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New Study on Anxiety and Social Threats Shows That the Brains of Anxious People Detect More Threats in Social Situations

January 15th, 2016

A new study on anxiety and social threats has provided some important information on anxiety in general, and on how the brains of anxious people detect threats in social situations. According to the researchers the human brain is wired to spend more power processing social situations that involve real or perceived threats, and this is especially true in people that are anxious or that suffer from anxiety. Some researchers believe that the differences noted may explain what many people call a sixth sense or intuition, that inner feeling that many people get which signals danger even though there is no obvious threat at this moment. The study showed that individuals who were typically calmer and more laid back showed different brain activity and active brain areas used for threat detection that were different than what was seen in the brain of individuals with anxiety.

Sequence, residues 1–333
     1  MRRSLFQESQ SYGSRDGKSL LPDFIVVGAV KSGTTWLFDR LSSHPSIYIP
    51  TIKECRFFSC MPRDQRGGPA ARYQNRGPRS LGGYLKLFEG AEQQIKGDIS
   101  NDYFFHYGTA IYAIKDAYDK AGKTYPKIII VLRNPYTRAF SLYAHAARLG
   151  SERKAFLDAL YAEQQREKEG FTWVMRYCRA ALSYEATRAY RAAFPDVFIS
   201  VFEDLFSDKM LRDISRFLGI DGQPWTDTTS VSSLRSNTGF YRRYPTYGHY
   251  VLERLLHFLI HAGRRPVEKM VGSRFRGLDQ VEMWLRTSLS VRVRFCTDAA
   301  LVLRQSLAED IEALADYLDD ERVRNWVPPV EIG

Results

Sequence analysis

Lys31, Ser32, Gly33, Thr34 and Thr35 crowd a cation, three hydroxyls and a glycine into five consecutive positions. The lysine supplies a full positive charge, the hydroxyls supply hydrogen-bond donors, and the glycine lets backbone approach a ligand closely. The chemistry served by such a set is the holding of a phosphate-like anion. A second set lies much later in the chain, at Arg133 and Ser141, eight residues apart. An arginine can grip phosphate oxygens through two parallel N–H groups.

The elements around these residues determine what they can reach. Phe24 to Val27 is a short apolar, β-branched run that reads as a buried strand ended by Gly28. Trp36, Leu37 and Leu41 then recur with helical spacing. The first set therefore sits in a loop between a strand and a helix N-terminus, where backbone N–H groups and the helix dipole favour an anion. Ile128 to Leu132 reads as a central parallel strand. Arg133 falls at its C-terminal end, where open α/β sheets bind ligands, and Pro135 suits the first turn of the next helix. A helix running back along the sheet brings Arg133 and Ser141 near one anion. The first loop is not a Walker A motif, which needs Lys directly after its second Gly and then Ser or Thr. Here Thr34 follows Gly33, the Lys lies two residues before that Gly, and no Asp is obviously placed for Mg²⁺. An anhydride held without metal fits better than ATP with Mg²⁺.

In the past it was believed that anxiety caused individuals to become over sensitive to signals that could mean impending threats, but the new study on anxiety and social threats shows that this is not the case. People without anxiety tend to process threats in areas of the brain that are responsible for recognizing facial expressions. People who have anxiety tend to process perceived threats in different brain areas which are responsible for actions instead of facial recognition. These important brain function and active area differences show that anxiety is perceived and processed very differently by the two groups. According to Ecole Normale Supérieure in Paris and French Institute of Health and Medical Research investigator Marwa El Zein, Ph.D., who was also the lead author on the study, “In a crowd, you will be most sensitive to an angry face looking towards you, and will be less alert to an angry person looking somewhere else.”

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